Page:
Airborne Wind Energy. Power generation with kites

17 november 2021. 13.00 CEST


UC3M Aerospace Seminar – Airborne Wind Energy – Roland Schmehl
Prof. Roland Schmehl. Section Wind Energy, Faculty of Aerospace Engineering, Delft University of Technology

Airborne wind energy (AWE) is an emerging renewable energy technology that uses tethered flying devices. Some concepts combine onboard wind turbines with a conducting tether, while others convert the pulling power of the flying devices into electricity on the ground. Replacing the tower and foundation of conventional wind turbines by a lightweight tether anchored to a ground station substantially reduces the material consumption and allows for continuous adjustment of the harvesting altitude to the available wind resource. The decrease in installation cost and increase in capacity factor can potentially lead to a substantial reduction of the cost of wind energy. Wind at higher altitudes is also considered to be an energy resource that has not been exploited so far.

In a first part, this webinar will outline the fundamental working principles and a basic theory to describe the energy harvesting performance, using this to explore some of the technologies implemented by industry. In a second part, the widely adopted pumping AWE concept will be analyzed in more detail, both theoretically and experimentally, with the final goal to describe the performance of AWE systems arranged in wind parks. In a last part, current research challenges are outlined, with a focus on the activities at TU Delft.

Roland Schmehl

Roland Schmehl graduated in Mechanical Engineering in 1994 and received a PhD degree in 2003 from Karlsruhe University. He continued his research on computational modeling of multi-phase flows as post-doctoral research fellow and then as propulsion engineer at the European Space Agency, investigating, among others, a start-up anomaly of Ariane 5’s hypergolic upper stage engine. In 2005, he started as software architect with TNO Automotive Safety Solutions in Delft, developing a simulation tool for airbag deployment, and in 2009, joined the Faculty of Aerospace Engineering of Delft University of Technology as associate professor. Leading the pioneering Kite Power research group, he focusses on the multi-disciplinary challenges of airborne wind energy. From 2015 until 2018 he coordinated the Marie Skłodowska-Curie doctoral training network AWESCO and from 2015 until 2019 the “Fast Track to Innovation” project REACH, both funded by the European Union’s framework program Horizon 2020. In 2016, he co-founded with Johannes Peschel the university spin-off company Kitepower BV that develops a 100 kW kite power system. He has co-edited and edited two Springer books about the emerging technology (published 2013 and 2018), and since 2015 co-organizes the international Airborne Wind Energy Conference. He is member of the core team that established the International Energy Agency’s Wind Task 48 on airborne wind energy, launched in October 2021. He is author of 82 peer-reviewed scientific publications.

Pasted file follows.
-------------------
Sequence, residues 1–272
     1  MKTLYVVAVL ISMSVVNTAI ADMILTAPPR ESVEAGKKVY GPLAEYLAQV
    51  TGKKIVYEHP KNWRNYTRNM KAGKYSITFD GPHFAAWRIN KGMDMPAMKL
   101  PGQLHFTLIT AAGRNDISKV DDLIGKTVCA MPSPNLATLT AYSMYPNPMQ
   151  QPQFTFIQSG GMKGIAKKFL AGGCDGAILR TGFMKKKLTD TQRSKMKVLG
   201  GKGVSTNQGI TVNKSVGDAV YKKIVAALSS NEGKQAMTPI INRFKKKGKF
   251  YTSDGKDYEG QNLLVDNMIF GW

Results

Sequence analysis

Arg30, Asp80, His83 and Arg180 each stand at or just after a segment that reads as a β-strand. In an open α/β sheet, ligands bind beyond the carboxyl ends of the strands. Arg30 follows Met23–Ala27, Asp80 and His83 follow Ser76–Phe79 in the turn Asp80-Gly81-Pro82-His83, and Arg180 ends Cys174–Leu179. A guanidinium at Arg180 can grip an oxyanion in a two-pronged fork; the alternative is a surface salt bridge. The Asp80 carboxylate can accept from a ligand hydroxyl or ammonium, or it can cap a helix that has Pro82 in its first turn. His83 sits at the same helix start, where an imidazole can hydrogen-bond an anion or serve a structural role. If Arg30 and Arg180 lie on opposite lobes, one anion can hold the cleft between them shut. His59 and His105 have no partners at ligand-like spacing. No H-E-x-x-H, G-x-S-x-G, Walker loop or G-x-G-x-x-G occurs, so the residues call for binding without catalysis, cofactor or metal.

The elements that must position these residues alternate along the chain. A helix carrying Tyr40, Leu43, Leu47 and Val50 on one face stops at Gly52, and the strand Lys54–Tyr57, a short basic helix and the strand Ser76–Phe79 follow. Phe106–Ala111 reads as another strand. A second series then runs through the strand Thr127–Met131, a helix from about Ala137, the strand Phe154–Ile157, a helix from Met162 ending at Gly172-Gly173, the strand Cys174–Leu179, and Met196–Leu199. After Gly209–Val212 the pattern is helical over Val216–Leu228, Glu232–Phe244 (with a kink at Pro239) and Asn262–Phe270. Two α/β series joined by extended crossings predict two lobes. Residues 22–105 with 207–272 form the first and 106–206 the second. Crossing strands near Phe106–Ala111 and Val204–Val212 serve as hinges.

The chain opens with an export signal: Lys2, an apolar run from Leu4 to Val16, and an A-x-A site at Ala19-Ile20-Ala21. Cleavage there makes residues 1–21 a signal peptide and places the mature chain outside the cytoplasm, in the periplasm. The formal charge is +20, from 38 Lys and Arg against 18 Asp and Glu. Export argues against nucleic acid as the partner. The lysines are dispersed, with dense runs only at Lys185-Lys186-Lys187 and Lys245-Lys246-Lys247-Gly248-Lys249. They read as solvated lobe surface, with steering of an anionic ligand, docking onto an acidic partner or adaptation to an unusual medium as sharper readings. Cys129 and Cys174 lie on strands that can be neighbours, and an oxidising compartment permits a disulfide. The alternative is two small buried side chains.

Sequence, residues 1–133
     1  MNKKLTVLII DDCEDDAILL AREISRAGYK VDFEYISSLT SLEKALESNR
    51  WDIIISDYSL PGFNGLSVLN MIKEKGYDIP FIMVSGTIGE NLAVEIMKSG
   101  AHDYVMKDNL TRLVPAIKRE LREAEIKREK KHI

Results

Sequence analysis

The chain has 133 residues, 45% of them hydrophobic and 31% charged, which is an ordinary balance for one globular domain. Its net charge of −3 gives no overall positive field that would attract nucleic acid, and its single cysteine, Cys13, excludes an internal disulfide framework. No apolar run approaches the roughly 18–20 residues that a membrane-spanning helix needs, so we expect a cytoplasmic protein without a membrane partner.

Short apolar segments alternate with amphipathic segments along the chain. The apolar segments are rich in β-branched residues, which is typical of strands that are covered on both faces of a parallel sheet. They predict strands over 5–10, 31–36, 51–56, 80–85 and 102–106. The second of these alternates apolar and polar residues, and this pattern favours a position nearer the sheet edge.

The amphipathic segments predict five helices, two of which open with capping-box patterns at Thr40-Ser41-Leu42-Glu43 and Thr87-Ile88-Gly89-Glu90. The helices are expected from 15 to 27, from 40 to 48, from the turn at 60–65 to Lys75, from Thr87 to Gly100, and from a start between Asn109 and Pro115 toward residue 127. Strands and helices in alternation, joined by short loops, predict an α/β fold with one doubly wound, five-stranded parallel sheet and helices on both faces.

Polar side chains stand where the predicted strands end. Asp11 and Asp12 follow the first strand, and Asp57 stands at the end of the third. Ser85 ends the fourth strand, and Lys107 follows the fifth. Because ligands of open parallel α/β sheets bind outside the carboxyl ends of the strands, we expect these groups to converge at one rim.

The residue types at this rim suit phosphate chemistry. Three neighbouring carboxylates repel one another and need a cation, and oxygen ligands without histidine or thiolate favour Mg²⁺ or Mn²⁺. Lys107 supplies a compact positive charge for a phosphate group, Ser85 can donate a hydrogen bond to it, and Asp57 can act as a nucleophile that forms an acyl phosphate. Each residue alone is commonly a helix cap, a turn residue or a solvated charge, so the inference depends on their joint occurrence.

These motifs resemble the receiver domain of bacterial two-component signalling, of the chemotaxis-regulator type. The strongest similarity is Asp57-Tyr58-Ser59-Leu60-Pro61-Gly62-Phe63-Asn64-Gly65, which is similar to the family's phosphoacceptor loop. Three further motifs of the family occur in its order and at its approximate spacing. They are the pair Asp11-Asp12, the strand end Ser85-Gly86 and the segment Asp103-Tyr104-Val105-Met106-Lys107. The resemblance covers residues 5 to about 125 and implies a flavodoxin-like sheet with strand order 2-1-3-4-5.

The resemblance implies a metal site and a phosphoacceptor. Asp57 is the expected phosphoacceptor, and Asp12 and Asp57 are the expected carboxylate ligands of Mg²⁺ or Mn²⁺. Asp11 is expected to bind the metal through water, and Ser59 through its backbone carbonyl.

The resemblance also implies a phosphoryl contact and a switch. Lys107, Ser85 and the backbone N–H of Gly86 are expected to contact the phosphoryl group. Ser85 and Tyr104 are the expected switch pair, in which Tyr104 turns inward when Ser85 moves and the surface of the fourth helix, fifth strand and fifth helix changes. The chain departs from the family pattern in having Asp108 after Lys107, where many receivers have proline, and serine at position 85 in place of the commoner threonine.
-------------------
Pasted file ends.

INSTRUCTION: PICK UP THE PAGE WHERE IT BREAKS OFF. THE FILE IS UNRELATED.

Figure 1: Classification of AWE systems.
Figure 2: The two basic conversion modes of AWE: lift power (crosswind operation & electricity generation with ground station) and drag power (crosswind operation & electricity generation on flying device).
Figure 3: Representative flight path computed with a dynamic system model.
Figure 4: A pioneering example for such a system is the kite power system of Delft University of Technology that was first operated in 2010.
Figure 5: Mechanical power output (left) and power curve (right) for the 20 kW technology demonstrator of TU Delft.
Figure 6: Future park of AWE systems for utility scale energy generation (credits: Florian Bauer, TUM).